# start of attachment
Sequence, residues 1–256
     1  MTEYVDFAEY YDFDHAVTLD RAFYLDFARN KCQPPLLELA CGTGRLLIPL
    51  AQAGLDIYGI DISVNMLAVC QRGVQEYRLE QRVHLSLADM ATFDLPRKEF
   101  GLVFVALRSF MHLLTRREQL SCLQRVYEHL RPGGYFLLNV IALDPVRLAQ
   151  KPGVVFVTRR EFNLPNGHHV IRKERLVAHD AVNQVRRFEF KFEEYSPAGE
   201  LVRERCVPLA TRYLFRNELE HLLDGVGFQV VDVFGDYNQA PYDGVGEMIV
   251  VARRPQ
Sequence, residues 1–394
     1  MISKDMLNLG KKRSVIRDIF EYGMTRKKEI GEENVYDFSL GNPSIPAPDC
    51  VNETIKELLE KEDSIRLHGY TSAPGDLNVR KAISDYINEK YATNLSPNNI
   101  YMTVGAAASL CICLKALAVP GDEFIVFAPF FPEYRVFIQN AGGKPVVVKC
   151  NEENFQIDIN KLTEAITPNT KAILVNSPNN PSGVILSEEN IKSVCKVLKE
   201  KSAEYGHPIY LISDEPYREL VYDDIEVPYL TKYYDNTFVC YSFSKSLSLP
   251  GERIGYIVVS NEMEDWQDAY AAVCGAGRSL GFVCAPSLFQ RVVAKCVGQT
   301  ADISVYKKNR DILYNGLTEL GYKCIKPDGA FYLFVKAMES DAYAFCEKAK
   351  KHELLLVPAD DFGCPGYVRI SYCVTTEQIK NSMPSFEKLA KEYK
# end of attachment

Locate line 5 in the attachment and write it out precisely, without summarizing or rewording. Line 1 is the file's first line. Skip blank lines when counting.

   151  KPGVVFVTRR EFNLPNGHHV IRKERLVAHD AVNQVRRFEF KFEEYSPAGE